If I wasn’t imagining it while I was watching these visual delights, I’d be living them all over again as I’d try to sleep. It’s still my go-to method of drifting off when the negative whispers that float into my ears as soon as my head hits the pillow became too much and my head filled with the sound of a malicious, punishing orchestra.

As I got older my mind continued to spill further into chaos. The voices telling me that I wasn’t enough, was a mistake, a burden and beyond repair became so loud that escapism just wasn’t working for me anymore. No longer could I burrow into my duvet and lose myself to a fictitious world where I just belonged. Film became a way of self exploration and I became bizarrely obsessed with watching films that were far beyond age appropriate.

I would stay up until my parents had gone to sleep and watch the likes of Silence of The Lambs with the volume down low. I can still recall the wave of nausea that washed over me when Buffalo Bill lowered the basked into the well, his victim and soon to be handbag trapped and weeping for her Mother. It was terrifying and utterly disturbing but I just couldn’t look away. My mind craved something equally as dark as my own thoughts and fears. I haven’t watched the film since but when my brain feels most punishing it will replay that scene over and over in my head.

I began to watch movies that reflected the crushing depression that had blanketed my adolescence while fuelling the classic teenage angst that ran wild through my veins. I’d go to my local Blockbuster and buy their cheap second hand DVDs. Nobody bothered to ask for ID or wonder why a fifteen year old was buying London to Brighton.

I became obsessed by films like Thirteen and Donnie Darko, recognising myself in the hopelessness of the characters and the complexity of the narratives. I’d seek answers, searching for correlation between myself and these films. I’d find catharsis in violent, bloodthirsty narratives and I soon lost an important connection with reality.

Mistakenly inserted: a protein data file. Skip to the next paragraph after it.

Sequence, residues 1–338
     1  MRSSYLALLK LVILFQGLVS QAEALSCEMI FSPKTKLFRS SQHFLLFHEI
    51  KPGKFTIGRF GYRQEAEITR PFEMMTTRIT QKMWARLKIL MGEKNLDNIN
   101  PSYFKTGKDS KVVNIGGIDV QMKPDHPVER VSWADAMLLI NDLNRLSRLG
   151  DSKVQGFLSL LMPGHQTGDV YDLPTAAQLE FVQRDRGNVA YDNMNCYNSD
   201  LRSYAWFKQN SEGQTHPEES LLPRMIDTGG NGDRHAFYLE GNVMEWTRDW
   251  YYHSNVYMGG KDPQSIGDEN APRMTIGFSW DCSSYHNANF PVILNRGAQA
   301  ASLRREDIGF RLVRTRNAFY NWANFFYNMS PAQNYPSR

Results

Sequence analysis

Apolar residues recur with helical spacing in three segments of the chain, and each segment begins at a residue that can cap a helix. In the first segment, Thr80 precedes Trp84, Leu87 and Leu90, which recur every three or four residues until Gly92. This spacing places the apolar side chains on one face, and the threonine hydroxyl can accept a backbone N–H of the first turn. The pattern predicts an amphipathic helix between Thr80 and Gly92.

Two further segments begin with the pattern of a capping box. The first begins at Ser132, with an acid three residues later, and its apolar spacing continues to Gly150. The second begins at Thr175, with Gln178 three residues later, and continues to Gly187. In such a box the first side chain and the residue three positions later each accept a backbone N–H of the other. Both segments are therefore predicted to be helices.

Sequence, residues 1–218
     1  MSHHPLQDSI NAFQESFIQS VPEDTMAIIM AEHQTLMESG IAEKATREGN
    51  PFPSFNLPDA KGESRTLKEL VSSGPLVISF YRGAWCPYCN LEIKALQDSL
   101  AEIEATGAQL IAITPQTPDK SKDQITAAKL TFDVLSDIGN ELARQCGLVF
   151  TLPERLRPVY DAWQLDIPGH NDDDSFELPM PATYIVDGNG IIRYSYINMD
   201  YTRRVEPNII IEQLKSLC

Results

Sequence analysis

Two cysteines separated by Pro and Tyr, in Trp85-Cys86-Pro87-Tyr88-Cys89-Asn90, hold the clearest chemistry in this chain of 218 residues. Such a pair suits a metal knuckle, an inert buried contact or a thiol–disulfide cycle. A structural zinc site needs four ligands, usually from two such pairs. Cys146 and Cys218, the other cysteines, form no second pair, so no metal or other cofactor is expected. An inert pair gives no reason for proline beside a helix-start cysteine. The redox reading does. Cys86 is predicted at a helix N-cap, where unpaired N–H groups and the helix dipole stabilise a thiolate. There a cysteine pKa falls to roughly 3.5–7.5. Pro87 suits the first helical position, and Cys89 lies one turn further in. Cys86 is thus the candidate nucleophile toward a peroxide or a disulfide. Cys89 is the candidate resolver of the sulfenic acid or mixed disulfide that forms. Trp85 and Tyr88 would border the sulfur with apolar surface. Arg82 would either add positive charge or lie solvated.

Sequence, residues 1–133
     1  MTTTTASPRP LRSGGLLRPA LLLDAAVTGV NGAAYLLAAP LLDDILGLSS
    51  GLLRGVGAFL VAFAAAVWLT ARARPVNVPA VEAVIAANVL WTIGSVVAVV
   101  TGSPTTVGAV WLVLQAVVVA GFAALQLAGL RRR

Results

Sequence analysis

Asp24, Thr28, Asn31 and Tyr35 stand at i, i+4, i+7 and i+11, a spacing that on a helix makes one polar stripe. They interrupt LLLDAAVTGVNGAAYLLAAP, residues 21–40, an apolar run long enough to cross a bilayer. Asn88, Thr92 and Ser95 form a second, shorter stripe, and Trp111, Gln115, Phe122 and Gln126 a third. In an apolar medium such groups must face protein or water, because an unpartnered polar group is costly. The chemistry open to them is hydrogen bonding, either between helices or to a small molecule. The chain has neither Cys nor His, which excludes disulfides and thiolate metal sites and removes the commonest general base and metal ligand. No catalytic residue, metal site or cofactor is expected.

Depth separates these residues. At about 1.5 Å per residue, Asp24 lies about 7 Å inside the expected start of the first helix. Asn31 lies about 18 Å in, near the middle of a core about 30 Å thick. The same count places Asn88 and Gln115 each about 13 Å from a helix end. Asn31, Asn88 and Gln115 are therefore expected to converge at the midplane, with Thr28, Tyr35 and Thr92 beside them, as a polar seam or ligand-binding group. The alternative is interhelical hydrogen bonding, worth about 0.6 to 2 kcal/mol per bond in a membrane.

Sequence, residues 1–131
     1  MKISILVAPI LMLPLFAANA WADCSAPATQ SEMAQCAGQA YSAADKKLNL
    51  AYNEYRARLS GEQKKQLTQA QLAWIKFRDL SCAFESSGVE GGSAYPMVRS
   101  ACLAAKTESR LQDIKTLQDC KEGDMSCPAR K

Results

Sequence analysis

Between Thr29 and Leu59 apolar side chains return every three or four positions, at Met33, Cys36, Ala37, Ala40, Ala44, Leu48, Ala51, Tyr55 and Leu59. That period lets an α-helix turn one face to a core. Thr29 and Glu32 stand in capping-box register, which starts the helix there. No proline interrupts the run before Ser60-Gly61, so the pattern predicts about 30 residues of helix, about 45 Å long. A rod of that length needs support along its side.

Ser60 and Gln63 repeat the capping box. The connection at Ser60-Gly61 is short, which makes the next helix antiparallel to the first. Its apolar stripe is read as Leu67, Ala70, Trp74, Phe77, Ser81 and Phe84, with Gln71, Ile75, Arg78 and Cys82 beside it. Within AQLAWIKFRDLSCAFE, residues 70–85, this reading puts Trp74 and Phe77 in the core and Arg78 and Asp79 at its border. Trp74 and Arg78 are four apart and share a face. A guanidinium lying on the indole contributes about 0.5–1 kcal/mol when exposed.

Instead of dealing with the mess my adolescent mind had become, I’d let myself believe that each new panic attack, new obsessive compulsion or suicidal thought were a plot twist. I would believe that my life just wouldn’t stick to the script and my director had just decided to go in another direction.

If I could just battle through and survive the constant anxiety that bubbled under my skin and seeped out of my pores then finally I’d get my pay off. I was just waiting for that third act, the moment in my movie where I’d catch a break and the struggles I had faced, the pain I went through would be worth it.

It has become painfully clear though that my life just does not fall into the coming-of-age genre. Nobody does, surely? My life has been a hybrid of genres ranging from romantic comedy, gross-out teen flick, drama and even horror. Living my life like a movie has allowed me to deal with mental illness in a way that has fuelled my creative imagination and protected me from the days where death felt like the only option.

I’m still waiting for my pay off, that blissful moment in the narrative where clarity is awarded to the down-and-out protagonist. I’m still falling in love with film and escaping through the religion of cinema. The biggest lesson I’ve learned is that comedy can be found within any genre. Wit, sarcasm, slapstick, satire, farce and certainly black comedy can be found within my little movie and it is this cinematic element that keeps me going.